Managing Your Medical Experts When They Disagree With Each Other

It happens frequently between opposing medical experts in litigation. One side brings on a consulting medical expert to look for holes in the work of the testifying medical experts on the other side.  But what happens when one medical expert exposes another medical expert's work as flawed – and both medical experts are working for you?  What if your own expert comes to you and questions the methods or conclusions of another of your experts?

Perhaps you retained one expert as a consultant to conduct initial reviews and lay the groundwork for your case. Later, you retained a second expert in the same field to testify. You present the consulting expert's work to the testifying expert as background to be used in formulating his own opinion. The testifying expert looks at the earlier work and proclaims, "I don't agree with this. The analysis is flawed for such and such a reason."

At this point, there is no option of sweeping the issue under the rug. Had the consulting expert's work remained just that, it would not have been discoverable under the federal rules. But once it was provided to the testifying expert, it became fair game.  That means that your opponent is likely both to learn about the consulting expert's work and also to learn of the testifying expert's condemnation of it.

One way to deal with this is to use this as an opportunity to build the testifying expert's credibility.  Establish that the testifying expert is so independent that he even criticized your consulting expert. And be sure to have the testifying expert explain what errors the consulting made and why his expert opinions are more reliable.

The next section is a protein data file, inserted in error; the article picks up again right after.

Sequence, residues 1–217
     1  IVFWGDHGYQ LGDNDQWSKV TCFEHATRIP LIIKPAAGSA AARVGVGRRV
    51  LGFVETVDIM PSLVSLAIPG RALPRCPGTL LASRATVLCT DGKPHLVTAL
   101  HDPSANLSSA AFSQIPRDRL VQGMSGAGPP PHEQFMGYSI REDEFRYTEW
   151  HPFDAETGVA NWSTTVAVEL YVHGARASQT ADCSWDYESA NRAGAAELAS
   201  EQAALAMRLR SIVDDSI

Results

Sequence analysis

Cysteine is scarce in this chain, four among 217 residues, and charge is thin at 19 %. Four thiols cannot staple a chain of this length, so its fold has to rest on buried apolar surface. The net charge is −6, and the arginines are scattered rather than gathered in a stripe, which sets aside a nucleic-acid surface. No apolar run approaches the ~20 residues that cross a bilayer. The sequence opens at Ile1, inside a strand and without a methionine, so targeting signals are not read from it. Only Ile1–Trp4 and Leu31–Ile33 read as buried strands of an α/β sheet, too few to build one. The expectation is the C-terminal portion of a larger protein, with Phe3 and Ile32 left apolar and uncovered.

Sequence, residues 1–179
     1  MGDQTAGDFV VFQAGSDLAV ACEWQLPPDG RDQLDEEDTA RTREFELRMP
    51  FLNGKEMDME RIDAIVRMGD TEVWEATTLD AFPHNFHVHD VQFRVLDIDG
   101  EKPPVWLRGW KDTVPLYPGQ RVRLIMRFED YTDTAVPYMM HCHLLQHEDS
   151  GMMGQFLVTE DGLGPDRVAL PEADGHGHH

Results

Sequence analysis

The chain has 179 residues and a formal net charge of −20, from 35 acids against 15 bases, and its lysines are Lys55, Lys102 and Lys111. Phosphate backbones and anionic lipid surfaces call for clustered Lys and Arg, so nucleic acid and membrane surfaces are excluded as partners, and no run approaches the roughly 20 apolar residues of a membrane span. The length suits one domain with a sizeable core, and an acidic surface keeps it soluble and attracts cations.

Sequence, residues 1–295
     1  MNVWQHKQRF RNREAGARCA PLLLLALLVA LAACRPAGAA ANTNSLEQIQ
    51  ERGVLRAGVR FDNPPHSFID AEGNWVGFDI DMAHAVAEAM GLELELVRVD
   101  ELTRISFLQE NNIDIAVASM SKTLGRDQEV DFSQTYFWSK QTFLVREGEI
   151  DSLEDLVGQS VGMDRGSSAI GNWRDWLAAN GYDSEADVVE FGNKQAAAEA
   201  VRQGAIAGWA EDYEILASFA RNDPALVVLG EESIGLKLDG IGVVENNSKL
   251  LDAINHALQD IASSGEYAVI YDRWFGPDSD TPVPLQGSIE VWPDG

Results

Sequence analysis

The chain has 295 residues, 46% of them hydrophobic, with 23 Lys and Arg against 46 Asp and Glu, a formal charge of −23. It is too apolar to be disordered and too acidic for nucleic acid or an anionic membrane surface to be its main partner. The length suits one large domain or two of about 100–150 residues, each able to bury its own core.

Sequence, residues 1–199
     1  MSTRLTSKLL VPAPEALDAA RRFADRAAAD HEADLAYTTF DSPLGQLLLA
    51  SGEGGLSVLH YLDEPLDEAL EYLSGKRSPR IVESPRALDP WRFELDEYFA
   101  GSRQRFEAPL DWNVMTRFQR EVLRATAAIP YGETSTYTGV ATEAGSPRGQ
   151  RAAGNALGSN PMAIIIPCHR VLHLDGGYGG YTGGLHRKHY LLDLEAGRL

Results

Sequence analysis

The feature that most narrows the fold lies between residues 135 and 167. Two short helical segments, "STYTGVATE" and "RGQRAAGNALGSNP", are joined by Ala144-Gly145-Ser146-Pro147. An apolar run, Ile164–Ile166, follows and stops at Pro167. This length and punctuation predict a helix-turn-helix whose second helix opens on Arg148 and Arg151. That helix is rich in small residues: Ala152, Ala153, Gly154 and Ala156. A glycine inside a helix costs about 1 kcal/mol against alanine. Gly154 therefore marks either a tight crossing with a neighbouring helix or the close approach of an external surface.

That said, the better route is to avoid getting into the situation in the first place. The only way to do that is to not disclose the consulting expert's opinions to the testifying expert.  If the work done by the consulting expert is reviewed by the testifying expert, and particularly if it becomes part of the testifying expert's file, then it is discoverable, and your testifying expert will be questioned about it in deposition. So, as a rule, it would be prudent to avoid allowing one expert to see the other's work.

While the main reason not to reveal a consulting expert's work to a testifying expert is to protect the earlier work from discovery, there is also another reason. If the second expert testifies based on the work of the first expert, then the testimony is based on hearsay. The federal rules of evidence allow this but it creates a dilemma.  The expert's reliance upon that hearsay does not establish the foundational fact established by the hearsay and the expert still has to prove that foundational fact, which is probably going to require the attorney to put the consulting expert on the stand.  This defeats the purpose of having a consulting expert in the first place.  And of course, no attorney wants their testifying expert to rely on hearsay from their consulting non-testifying expert.

Copyright © 2020 - & Dr. Barry Gustin